Remembering Gabriel Burdett


Civil War Refugee School at Camp Nelson

This photo shows Black refugees at the school at Camp Nelson.

The bell at First Christian Church in Berea is known as the Freedmen’s Bell. It first rang at Camp Nelson in Jessamine County during the Civil War to call formerly enslaved Black troops and refugees to church and to school. The Reverend Gabriel Burdett, born a slave, became a soldier in the 114th U.S. Colored Infantry. He was there to hear the bell ring, and within four years, he would be named a trustee of the newly established Berea College.

After the war, Burdett stayed behind at Camp Nelson to continue his missionary work, pastoring the Church of Christ there, and working alongside Howard Fee, son of Berea College founder Rev. John G. Fee, to set up a school for Black refugees called the Ariel Academy. Funded by the Freedmen’s Bureau and supplied with teachers by the American Missionary Association (AMA), the Garrard County native dedicated himself to the cause of education and the betterment of conditions for the newly free.

The first African American trustee of Berea College held this position from 1868 to 1878, when at the age of 49, life presented a new calling. In Tennessee and Kentucky, thousands of frustrated African Americans were moving west to settle in Kansas. From correspondences in the Berea College archives, we know that Burdett, too, had become disenchanted with the slow progress of race relations in his home state and felt African Americans could fare better out west.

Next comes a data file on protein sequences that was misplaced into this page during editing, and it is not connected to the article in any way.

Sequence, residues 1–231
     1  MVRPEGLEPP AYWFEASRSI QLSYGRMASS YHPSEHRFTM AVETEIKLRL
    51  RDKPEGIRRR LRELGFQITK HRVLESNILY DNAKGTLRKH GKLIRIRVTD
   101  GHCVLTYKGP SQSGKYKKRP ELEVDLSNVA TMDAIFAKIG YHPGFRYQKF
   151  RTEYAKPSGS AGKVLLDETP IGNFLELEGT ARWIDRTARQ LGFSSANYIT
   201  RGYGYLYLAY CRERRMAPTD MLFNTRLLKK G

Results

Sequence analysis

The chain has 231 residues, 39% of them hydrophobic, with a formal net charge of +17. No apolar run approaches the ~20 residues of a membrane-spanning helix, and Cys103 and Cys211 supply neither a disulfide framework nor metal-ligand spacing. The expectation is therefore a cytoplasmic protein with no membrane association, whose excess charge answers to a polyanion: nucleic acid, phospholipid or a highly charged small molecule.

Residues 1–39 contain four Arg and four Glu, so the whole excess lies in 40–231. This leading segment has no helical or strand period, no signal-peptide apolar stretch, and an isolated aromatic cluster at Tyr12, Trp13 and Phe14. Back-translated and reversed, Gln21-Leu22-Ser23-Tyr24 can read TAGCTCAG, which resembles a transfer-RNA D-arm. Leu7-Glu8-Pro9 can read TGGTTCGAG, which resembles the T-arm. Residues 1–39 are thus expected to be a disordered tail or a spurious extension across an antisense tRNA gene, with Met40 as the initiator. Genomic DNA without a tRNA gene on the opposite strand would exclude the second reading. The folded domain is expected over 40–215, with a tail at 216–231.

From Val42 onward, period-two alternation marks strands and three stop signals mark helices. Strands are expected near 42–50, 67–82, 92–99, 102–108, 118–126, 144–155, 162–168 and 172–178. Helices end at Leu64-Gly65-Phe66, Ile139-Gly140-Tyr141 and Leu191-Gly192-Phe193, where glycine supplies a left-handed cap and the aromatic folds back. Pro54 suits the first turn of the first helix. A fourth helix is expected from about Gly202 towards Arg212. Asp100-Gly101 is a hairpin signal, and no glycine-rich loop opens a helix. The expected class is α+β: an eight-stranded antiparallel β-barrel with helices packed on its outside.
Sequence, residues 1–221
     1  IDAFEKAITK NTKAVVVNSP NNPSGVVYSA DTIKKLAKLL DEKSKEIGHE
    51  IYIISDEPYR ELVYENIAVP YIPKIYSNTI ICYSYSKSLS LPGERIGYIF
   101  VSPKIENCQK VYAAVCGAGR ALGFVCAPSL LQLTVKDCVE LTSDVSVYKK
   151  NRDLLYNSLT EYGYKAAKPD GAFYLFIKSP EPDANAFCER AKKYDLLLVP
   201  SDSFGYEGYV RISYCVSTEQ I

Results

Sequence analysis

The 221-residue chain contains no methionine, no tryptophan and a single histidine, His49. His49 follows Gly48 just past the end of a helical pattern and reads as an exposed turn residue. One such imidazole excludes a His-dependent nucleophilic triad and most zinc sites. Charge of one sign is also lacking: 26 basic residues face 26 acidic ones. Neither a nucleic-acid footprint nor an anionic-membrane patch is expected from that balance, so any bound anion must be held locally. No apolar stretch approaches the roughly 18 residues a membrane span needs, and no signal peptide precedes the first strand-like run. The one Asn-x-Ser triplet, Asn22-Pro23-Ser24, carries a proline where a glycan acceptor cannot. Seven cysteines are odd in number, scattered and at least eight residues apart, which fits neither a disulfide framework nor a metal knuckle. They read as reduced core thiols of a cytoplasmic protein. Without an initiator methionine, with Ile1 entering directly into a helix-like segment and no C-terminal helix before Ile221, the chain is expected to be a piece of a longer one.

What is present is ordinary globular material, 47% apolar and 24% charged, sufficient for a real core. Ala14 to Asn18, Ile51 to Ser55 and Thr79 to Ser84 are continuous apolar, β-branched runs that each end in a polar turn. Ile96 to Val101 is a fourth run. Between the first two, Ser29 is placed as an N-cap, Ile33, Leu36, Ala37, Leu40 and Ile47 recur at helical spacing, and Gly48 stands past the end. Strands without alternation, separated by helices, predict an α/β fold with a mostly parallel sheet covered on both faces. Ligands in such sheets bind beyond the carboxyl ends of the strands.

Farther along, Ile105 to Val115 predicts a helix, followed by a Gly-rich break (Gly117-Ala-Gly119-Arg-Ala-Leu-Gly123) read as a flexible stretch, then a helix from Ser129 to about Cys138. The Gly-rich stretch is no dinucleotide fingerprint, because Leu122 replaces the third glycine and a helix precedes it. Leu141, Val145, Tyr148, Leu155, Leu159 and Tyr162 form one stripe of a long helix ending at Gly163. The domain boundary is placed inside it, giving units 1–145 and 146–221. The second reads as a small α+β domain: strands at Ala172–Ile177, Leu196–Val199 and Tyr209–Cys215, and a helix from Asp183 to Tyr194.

“And so I go on as the pillar of cloud moves on,” he wrote to a minister at the AMA, who would sponsor his exodus to Kansas.

One can gather from Kansas newspapers that Rev. Burdett made a name himself there, not only as a preacher but as a politician. He left the Republican Party and joined with a more progressive group that favored women’s suffrage and supported labor movements. In 1888, Kansas prohibitionists nominated Burdett for state auditor. The Dodge City Times wrote that Burdett was “an able speaker, being witty and forcible. After his nomination he was called upon for a speech, and was conducted to the platform by a former slave owner. Such a thing has probably never occurred in any other party convention and probably never will.”

There’s more to Burdett’s story than I have space for. I wanted to tell you at least some of it, not just because it is Black History Month, but because here we have a remarkable person from our area—a pastor, a soldier, a missionary, an educator, a leader—and likely you have never heard of him. Sources online list Burdett as an “associate” of John Fee. But clearly he was more than that—he was a partner working toward the same goals. Yet, even in the annals of Berea College, an institution devoted to interracial community and education, he has not been given the prominence he deserves.

White privilege can be subtle that way. It’s not just who has advantages in society and who does not. It can also be who is left out of our storytelling. We hear the Freedmen’s Bell ring most mornings at 10:00 to commemorate the many Kentucky victims of COVID-19, and it can also remind us that the first interracial college in the South had Black heroes as well as white ones. Remembering Gabriel Burdett is one small way of evening the scales of attention.